In view of the PtdSer-binding specificity via the cavin UC1 domain that is required for caveola stability and the role of PtdSer in caveola formation (Hirama et al., 2017), we next analyzed whether PtdSer levels determined CAV1/cavin1 association. PSA3 cells generate less endogenous PtdSer when grown in medium containing dialyzed FBS (DFBS), but PtdSer can be restored to near control levels by 10 µM ethanolamine (Etn) supplementation (Lee et al., 2012; Liang et al., 2019; Plowman et al., 2005; Zhou et al., 2014; Zhou et al., 2017; Zhou et al., 2015). PSA3 cells cultured under different conditions to modulate their PtdSer content were transfected with CAV1 and cavin1 for a bivariate colocalization analysis. Negligible CAV1/cavin1 association was observed in PSA3 cells depleted of PtdSer (DFBS; Fig. 5). In contrast, cells grown in Etn with near-native levels of PtdSer showed highly significant association of CAV1 and cavin1. In PtdSer-depleted PSA3 cells, we next acutely added synthetic PtdSer species (Fig. 5 A). Addback of fully saturated DSPS (1,2-distearoyl-sn-glycero-3-phospho-L-serine; di18:0) and monounsaturated DOPS (1,2-dioleoyl-sn-glycero-3-phospho-L-serine; di18:1) was highly effective in driving CAV1/cavin1 association. In contrast, the mixed chain POPS (16:0/18:1) was ineffective (Fig. 5 B). These results show that the association of caveolins and cavins is dependent on specific PtdSer acyl chain compositions.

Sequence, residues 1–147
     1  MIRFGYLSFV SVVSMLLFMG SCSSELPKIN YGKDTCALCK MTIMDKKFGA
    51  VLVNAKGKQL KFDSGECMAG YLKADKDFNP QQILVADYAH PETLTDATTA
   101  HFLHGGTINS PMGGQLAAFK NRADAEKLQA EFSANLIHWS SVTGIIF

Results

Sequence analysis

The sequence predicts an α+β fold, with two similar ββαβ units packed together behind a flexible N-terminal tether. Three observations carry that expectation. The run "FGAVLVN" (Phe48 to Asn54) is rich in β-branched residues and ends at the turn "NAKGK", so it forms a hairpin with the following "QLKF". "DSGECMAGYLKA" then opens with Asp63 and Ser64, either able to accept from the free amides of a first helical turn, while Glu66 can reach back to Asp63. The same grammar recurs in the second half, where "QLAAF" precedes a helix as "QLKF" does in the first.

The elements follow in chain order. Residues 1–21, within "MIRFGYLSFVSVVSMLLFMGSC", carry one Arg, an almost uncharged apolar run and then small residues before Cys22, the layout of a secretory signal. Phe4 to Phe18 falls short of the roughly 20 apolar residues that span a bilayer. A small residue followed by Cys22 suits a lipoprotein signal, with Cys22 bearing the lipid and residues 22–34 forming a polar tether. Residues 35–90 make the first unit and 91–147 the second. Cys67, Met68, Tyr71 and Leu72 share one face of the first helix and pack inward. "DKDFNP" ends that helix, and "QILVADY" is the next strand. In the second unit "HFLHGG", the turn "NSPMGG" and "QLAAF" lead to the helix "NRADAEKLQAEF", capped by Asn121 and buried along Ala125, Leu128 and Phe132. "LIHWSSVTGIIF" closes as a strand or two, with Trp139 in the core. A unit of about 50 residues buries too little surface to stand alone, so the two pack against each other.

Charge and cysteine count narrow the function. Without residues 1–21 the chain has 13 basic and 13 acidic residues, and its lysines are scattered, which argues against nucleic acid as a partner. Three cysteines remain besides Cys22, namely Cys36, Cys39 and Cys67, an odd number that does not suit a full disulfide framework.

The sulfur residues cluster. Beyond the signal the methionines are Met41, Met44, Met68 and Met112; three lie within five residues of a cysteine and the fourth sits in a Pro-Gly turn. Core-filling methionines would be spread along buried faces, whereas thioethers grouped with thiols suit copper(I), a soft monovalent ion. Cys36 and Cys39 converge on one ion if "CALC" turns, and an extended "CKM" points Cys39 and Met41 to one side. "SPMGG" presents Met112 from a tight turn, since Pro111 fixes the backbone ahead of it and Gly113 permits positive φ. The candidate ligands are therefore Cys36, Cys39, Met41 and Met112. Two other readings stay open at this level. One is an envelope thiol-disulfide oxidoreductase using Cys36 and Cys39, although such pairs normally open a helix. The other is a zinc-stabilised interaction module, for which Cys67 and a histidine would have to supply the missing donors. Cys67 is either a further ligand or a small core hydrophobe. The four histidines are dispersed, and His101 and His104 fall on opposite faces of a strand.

This study provides the first quantitative picture of the lipid environment associated with the cytoplasmic face of caveolae in situ (for schematic summary, see Fig. 6). CAV1 and cavin1 in this model system generate caveolae significantly enriched in PtdIns(4,5)P2, PtdSer, and cholesterol. This environment is quantitatively distinct from that seen with expression of CAV1 alone [PtdSer, cholesterol, PtdIns(3,4,5)P3, lower PtdIns(4,5)P2] or cavin1 alone [PtdIns(3,4,5)P3, PtdIns(4,5)P2, PA]. Although we have tested a cohort of anionic lipids, our findings show that the selective lipid sorting by caveolae is clearly mediated by more than electrostatics alone. This is indeed supported by our spatial analysis testing different PtdSer species with the same charged headgroup but distinct acyl chains. Thus, caveolae are dependent on the local lipid environment established by a complex set of interactions involving both surface charges of lipid headgroups and packing integrity of their acyl chains. This is also consistent with the mechanical nature of caveolae, where the structural integrity of caveolae depends on membrane tension.